The family of Johnny Hollman announced plans to march on Atlanta City Hall from Dean Rusk Park, at noon on Saturday, Sept. 23, to demand the release of footage taken from the body camera worn by the Atlanta Police Department (APD) officer who killed their loved one.
The 62-year-old deacon was killed by 23-year-old APD officer Kiran Kimbrough on Aug. 10, during a routine traffic accident investigation. In a press release issued Aug. 11, APD said Hollman became agitated during the encounter and Kimbrough was forced to tase and restrain him, but Hollman’s daughter, Arnitra Hollman, says she was on the phone with her father at the time and listened for 17 minutes as Kimbrough escalated the situation. “Next time I heard my daddy’s voice,” Arnitra said at an Aug. 18 press conference, in reference to receiving her father’s call the night of his death, “I heard my daddy beginning for help.” Hollman’s family says he told Kimbrough, “I can’t breathe,” at least 16 times before he was killed by the officer.
APD did not show body camera footage of Hollman’s killing to his family for nearly a month after his death, finally allowing the family and their lawyer, civil rights attorney Mawuli Davis, to view the footage on Sept. 8.
A press release from attorneys representing the Hollman family described the body camera footage. “When Officer Kiran Kimbrough arrived,” attorneys said, “he decided that Deacon Hollman was at fault and issued him a traffic ticket, Deacon Hollman asked to see a sergeant. Officer Kimbrough then ignored him and told him he would take him to jail if he did not sign the ticket. Deacon Hollman told Officer Kimbrough he would sign the ticket, but the officer still grabbed him, took him to the ground, and began tasing him.” After reviewing the footage, the family demanded APD fire officer Kimbrough.
With Kimbrough still working in an administrative position in the department weeks later, the family is demanding APD make the body camera footage available to the public.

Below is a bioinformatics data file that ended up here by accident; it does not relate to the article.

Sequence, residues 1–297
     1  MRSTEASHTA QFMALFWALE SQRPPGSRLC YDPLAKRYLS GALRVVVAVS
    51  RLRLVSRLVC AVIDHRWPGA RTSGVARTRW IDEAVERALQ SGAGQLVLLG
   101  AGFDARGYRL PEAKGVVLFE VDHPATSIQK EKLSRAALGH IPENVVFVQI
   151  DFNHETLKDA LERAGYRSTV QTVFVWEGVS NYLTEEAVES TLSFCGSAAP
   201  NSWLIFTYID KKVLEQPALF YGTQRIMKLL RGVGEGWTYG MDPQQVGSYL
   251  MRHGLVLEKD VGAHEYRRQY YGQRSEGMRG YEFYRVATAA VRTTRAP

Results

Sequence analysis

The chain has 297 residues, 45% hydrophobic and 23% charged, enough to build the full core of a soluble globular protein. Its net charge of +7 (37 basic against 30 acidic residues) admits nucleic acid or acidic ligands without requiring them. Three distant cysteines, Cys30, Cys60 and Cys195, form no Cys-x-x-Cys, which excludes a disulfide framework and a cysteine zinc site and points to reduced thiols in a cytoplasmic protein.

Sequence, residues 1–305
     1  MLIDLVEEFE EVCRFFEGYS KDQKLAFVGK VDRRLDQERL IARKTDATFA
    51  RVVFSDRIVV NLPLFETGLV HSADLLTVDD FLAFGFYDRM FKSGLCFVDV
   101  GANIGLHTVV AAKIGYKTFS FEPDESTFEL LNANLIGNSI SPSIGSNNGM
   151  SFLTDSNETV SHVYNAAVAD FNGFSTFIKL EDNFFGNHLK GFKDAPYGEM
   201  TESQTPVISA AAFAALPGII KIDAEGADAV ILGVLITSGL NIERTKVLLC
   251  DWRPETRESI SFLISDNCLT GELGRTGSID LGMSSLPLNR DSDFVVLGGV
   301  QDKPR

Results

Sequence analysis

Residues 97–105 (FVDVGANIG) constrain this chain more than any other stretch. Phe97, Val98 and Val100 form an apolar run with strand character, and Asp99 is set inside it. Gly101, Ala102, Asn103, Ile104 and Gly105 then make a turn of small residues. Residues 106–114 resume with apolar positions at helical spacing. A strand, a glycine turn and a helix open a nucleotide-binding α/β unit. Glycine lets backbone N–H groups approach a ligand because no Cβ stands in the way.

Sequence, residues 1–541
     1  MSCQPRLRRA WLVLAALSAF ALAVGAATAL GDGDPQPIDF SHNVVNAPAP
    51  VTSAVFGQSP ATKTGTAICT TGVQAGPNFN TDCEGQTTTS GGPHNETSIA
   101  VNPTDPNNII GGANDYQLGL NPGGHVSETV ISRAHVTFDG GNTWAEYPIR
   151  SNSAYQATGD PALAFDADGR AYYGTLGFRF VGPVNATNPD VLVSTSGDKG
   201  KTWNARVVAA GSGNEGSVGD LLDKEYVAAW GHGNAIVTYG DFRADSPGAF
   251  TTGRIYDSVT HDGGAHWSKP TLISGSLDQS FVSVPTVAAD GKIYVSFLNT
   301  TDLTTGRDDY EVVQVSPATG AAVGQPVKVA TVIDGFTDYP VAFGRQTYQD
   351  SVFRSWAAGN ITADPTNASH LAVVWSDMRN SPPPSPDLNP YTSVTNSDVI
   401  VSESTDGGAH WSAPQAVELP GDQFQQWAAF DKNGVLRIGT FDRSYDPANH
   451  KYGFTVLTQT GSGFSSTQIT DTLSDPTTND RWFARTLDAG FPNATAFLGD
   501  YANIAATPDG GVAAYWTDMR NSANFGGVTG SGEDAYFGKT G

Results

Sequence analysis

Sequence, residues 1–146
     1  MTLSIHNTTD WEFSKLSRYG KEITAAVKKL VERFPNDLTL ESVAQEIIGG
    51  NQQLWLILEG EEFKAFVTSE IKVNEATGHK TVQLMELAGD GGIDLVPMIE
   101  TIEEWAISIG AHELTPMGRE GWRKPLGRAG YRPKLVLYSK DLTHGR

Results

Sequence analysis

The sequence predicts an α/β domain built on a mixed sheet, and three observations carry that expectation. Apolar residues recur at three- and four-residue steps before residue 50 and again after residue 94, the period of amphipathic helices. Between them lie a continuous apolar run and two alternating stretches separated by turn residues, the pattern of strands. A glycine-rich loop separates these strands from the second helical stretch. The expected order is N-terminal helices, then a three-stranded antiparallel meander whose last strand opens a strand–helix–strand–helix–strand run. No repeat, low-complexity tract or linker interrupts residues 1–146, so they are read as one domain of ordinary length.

“It’s illogical to think that a deacon coming from Bible study in a car accident would end up dead. The family is calling for complete transparency so the citizens of Atlanta can see how inhumanely their father was treated and take action,” said Mawuli Davis, the family’s attorney in a written statement.
In addition to investigations by APD and the Georgia Bureau of Investigation, Mayor Andre Dickens ordered the city also conduct its own investigation into the killing of Hollman on Aug. 22.
While the investigations are still underway, recent updates to APD policies regarding traffic citations seemingly confirm much of the family’s account of the encounter.
APD announced the updated policies Sept. 8, the day the Hollman family was finally able to view the body camera footage. Now, when issuing a citation, officers are to inform drivers that signing the citation is not an admission of guilt and if a driver refuses to sign, APD officers will note the driver’s refusal on the signature line and issue a copy of the charges without attempting to make an arrest.
The Hollman family previously held a rally and march to demand APD allow the family to view body camera footage of the killing. Supported by activists with the Stop Cop City Movement, a multi-year protest movement against the construction of a $90 million APD training center in unincorporated DeKalb County just outside the city of Atlanta, the Hollman family rallied in front of APD headquarters Aug. 24 before marching several blocks to Atlanta City Hall. APD officers surveilled the rally from a parking garage next to APD headquarters and two dozen APD officers on bicycles arrived in a show of force as protesters marched to City Hall. Once the march arrived, APD bike officers aggressively blocked the rally from spilling out into the street for several minutes before quickly departing once the crowd began to mock the officers.
Hollman’s family says they are encouraging participants of Saturday’s upcoming march “to bring signs, banners, and wear clothing that reflects their commitment to justice.”
“My father is a true son of Atlanta,” Anitra Hollman said in a written statement. “He grew up in Bankhead Courts, and he was respected throughout our community. As a family, we called for this march because the video should be released so Atlanta can truly be transparent. We are asking for Atlanta to turn out for our family.”